Kim Soon-duk: Noreen Shanahan hears a Korean story of teenage years of sexual enslavement and abuse - and a life-long struggle to gain … justice
by Noreen Shanahan
Noreen Shanahan hears a Korean story of teenage years of sexual enslavement and abuse - and a life-long struggle to gain vindication and justice.
WHEN I first saw Kim Soon-duk I thought she looked like a ghost with a story to tell. She sat alone in the shadows of Trinity-St Paul United Church in downtown Toronto. The frail 78-year-old Korean was dressed in a lacy yellow gown which sported a perpetually fingered white-paper rose corsage. I spoke with her later as we crowded into a small livingroom. I was struck by her courage. But the words didn't come easily. She was having an obvious struggle in meeting my eyes. She couldn't do it as she recalled for me the indignities of being a teenaged comfort woman in Shanghai. Only twice was she able to maintain our eye contact: the first time when she described her weekly protests outside the Japanese Embassy in the Korean capital of Seoul: and then again when she talked to me of her art.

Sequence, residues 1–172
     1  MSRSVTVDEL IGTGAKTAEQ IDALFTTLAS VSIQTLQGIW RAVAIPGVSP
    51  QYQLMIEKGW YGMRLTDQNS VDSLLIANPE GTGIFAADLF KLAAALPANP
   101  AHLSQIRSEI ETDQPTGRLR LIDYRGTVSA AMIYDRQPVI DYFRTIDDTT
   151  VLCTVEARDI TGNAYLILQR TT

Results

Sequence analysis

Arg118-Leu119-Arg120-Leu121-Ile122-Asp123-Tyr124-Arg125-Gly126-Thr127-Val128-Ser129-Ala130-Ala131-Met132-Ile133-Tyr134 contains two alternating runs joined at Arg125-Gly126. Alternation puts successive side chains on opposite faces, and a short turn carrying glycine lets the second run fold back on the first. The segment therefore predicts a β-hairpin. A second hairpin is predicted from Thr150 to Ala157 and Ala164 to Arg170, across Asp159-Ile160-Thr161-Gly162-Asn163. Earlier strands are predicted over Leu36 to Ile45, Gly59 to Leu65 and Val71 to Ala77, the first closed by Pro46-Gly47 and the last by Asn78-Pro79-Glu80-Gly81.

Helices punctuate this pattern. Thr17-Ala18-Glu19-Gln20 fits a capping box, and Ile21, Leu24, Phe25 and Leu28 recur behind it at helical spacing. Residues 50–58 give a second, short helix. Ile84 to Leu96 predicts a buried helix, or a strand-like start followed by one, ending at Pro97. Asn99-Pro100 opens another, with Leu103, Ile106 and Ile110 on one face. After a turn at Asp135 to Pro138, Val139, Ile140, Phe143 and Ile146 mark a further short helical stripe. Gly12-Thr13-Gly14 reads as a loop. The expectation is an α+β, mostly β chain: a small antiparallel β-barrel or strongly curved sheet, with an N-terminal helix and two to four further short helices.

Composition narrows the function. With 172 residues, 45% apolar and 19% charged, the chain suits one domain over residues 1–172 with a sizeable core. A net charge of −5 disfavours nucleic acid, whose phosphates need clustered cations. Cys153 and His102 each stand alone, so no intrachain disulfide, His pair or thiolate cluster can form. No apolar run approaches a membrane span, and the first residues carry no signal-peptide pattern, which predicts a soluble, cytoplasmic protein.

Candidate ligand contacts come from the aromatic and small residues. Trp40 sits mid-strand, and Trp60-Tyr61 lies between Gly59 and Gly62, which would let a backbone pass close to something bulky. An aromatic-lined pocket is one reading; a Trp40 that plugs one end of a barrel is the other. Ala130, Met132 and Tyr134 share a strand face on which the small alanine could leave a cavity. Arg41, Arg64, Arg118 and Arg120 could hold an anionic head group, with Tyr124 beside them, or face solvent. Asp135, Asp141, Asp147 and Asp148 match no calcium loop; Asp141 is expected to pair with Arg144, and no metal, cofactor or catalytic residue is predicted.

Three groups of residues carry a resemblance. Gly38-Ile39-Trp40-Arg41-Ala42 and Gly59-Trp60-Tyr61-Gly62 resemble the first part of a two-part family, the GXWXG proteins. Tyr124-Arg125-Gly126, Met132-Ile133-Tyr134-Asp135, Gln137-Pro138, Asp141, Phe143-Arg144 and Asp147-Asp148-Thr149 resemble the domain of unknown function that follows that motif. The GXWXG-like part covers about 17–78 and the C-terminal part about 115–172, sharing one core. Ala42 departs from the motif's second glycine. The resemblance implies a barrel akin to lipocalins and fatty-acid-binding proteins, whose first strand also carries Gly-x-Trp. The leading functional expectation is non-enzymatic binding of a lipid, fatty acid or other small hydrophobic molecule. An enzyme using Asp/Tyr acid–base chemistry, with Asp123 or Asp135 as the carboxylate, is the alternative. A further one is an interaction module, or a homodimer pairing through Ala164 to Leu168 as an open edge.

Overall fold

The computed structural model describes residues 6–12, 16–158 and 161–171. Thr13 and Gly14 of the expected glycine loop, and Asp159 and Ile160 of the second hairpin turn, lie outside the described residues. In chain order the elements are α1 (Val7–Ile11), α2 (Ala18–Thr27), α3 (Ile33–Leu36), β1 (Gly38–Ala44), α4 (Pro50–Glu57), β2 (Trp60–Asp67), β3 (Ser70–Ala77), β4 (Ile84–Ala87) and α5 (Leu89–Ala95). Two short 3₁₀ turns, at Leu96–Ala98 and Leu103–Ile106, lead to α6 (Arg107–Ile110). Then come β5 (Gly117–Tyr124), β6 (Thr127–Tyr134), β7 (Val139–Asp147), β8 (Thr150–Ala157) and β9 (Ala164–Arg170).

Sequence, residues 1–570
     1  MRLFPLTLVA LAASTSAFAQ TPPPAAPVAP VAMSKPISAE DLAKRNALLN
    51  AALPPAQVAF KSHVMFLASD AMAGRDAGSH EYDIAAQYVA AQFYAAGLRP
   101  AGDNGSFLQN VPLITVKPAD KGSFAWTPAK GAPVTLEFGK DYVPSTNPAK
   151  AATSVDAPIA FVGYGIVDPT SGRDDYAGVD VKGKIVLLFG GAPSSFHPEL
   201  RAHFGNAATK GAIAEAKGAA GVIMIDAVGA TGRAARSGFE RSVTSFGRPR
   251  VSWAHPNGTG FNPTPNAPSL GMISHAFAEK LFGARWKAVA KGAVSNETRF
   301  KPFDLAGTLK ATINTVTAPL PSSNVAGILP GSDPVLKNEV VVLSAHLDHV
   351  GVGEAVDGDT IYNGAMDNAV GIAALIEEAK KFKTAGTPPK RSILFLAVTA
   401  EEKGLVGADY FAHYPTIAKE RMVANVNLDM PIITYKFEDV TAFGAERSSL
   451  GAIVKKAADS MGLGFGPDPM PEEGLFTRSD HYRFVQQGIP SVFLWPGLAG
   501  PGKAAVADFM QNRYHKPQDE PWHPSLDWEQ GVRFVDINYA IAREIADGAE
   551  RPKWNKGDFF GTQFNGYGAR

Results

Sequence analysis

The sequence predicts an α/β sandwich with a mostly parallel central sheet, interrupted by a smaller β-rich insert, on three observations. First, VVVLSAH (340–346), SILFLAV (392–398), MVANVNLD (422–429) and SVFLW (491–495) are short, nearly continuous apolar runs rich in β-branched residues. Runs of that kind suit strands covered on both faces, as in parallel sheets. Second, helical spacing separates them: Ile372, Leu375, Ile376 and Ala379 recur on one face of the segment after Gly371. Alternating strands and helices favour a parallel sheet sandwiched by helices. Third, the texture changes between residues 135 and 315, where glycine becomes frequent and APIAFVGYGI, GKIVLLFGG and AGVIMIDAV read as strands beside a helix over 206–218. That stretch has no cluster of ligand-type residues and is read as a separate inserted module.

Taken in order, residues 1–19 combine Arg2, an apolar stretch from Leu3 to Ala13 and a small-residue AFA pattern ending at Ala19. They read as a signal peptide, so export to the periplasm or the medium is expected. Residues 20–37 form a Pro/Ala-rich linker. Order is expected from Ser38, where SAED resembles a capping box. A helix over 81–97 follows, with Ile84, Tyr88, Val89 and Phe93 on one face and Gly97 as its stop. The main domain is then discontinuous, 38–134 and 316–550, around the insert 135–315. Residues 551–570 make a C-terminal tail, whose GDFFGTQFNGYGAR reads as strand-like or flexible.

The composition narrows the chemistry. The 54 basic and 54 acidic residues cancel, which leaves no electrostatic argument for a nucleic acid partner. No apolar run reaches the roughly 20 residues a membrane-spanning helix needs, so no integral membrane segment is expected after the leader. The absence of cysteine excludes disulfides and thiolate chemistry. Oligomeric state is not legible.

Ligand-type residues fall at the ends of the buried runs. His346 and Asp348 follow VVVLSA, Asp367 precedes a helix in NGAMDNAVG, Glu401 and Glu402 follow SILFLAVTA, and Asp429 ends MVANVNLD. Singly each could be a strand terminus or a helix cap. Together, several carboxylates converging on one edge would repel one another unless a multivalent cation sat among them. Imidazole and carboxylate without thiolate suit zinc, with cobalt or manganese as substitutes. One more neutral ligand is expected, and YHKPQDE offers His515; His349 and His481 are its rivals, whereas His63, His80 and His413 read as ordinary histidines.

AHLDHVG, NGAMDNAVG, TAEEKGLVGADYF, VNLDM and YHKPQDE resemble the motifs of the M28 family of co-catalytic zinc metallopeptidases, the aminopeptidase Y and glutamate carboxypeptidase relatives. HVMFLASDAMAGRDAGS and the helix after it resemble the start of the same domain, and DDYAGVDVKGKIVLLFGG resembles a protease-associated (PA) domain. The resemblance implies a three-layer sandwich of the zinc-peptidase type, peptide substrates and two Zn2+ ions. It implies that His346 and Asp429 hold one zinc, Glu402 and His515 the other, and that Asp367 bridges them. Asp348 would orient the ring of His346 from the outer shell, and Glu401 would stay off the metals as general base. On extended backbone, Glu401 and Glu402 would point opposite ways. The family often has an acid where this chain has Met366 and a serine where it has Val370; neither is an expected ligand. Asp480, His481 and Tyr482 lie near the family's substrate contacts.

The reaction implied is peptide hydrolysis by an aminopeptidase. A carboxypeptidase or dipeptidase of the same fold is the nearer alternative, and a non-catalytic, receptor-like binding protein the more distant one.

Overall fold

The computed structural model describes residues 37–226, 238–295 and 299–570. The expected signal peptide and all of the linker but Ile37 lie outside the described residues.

One of her paintings shows the closed bud of a flower resting against a young girl's cheek. For her this represents her experience of abduction by the Japanese military from her village in rural Korea at 15 years of age, and then being forced into sexual slavery until the end of the Second World War three years later. At first Kim thought they were taking her to Japan to work in a factory, but she soon discovered herself in Shanghai, where she was raped daily by dozens of Japanese soldiers. `We were placed in a small room and there were a lot of soldiers waiting at the door,' she said. `I was very sick. I couldn't sit down, I was so badly bleeding. When the army moved, we all moved with them.'
An estimated 200,000 young women, predominantly from Korea (then colonized by Japan) were taken from their homes and, like Kim, brutally assaulted. These `comfort women' - halmoni in Korean - kept this secret for 50 years. Kim Soon-duk was already well into her 70s when she joined a growing chorus of voices and finally told her story. She is currently involved with The Korean Council for the Women Drafted for Sexual Slavery in Japan (`The Korean Council') which organizes weekly protests in Seoul, where Kim is a faithful participant. She also goes on international speaking tours such as the one that has brought her to Toronto.